Thousands of young girls are using dangerous 'pro-ana' websites that encourage users to 'starve for perfection'.

According to a new report, Virtually Anorexic - Where's The Harm?, supported by eating disorder charity beat and internet safety organisation Childnet International, hundreds of websites that encourage extreme dieting and eating disorders are being used with alarming regularity.

The research by University Campus Suffolk notes how 'pro-ana' sites, which promote the eating disorder anorexia nervosa, encourage weight loss via dieting competitions, advocate diets of just 400-500 calories per day and champion "thinspiration" (where images of celebrities such as Victoria Beckham and Keira Knightley are used to idealise a certain look).

According to the report, these websites are extremely influential. Many boast communities of thousands of members, with forums and chat rooms available to share tips to hide eating disorders and find an "anabuddy" for support.


According to the National Institute of Health and Clinical Excellence, 1.6 million people in the UK are affected by an eating disorder, of which around 11% are male

Natasha Devon, co-founder of Body Gossip, a campaign that promotes natural, healthy and realistic beauty, said that although the intentions of sites are not always intended to be damaging, the emotional state and vulnerability of users often leads to mutual encouragement.

She told HuffPost UK Lifestyle: "People assume they would automatically know if they were on a pro-anorexia or pro-bulimia website. The press often portrays them as being quite obvious in their intention.

"The reality is that quite often they are just support groups set up on social networking sites by people with the best intentions, but they attract users who are unwell and are completely unregulated.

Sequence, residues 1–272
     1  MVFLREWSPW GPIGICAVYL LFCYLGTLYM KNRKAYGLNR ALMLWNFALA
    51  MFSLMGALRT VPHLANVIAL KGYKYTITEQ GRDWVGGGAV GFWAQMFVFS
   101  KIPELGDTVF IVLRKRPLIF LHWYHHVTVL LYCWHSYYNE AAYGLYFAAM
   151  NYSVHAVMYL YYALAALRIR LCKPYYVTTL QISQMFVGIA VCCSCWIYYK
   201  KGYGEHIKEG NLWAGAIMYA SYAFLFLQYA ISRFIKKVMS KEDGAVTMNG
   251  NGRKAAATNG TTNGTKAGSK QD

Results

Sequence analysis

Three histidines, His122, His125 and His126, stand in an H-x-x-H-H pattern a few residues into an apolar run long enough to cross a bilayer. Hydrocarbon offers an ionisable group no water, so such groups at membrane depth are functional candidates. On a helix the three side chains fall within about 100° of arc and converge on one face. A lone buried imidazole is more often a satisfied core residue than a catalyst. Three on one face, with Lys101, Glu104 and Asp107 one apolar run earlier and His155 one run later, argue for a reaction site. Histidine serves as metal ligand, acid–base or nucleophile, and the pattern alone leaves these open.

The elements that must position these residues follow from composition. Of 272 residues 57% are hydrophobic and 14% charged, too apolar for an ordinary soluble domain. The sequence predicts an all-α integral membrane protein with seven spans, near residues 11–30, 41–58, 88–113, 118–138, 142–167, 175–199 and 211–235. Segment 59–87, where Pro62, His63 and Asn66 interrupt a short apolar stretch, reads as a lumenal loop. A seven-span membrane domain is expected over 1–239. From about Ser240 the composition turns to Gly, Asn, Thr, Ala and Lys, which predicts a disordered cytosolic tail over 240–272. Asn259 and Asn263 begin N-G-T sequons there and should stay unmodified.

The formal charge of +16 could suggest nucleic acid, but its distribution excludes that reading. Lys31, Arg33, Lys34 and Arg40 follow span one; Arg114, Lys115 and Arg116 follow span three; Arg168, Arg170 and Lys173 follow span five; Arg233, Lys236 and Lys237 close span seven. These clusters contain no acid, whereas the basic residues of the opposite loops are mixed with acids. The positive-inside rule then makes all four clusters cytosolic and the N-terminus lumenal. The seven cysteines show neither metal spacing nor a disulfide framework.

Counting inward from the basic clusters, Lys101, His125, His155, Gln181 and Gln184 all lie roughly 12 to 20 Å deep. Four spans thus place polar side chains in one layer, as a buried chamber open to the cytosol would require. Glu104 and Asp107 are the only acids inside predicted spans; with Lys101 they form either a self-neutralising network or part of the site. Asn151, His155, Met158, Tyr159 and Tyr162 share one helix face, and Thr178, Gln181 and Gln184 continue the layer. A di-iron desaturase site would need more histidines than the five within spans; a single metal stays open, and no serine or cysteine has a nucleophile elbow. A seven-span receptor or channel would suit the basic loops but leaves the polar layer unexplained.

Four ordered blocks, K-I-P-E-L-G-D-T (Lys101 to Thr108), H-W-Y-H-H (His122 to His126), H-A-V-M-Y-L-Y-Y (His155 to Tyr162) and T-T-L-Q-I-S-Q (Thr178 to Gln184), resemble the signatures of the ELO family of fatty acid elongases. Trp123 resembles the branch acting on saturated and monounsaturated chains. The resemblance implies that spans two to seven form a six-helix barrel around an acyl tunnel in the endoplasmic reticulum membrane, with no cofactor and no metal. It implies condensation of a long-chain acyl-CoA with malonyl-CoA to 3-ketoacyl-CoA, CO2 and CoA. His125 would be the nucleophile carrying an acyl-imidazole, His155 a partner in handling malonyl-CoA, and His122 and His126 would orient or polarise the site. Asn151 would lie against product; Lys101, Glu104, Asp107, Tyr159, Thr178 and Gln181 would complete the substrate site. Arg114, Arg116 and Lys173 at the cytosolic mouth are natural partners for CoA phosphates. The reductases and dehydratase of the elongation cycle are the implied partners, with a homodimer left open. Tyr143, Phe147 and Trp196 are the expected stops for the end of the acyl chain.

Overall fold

"It's important to remember that eating disorders are a mental illness. Even if you're on an 'extreme diet' or training regime you're not in the best frame of mind. People who still struggle are certainly not in a position to be giving advice to others. Often users of these support groups simply egg each other on."


In a statement, Dr Emma Bond, author of the report and senior lecturer in Childhood and Youth Studies at University Campus Suffolk (UCS) outlined her recommendations for change:

“People, especially parents and teachers need to increase their awareness so that young people can be helped. We need to encourage young people to develop critical media literacy skills and the media should be more responsible in not publishing pictures of very thin models and celebrities because young people wish to emulate them.

"Eating disorders are not going away, if anything they are becoming more common. We need to alert people to the dangers of harmful content on the Internet. Everyone needs to understand better the risks online and the harm that eating disorders can do to young people”

The report was funded by social investor Nominet Trust.

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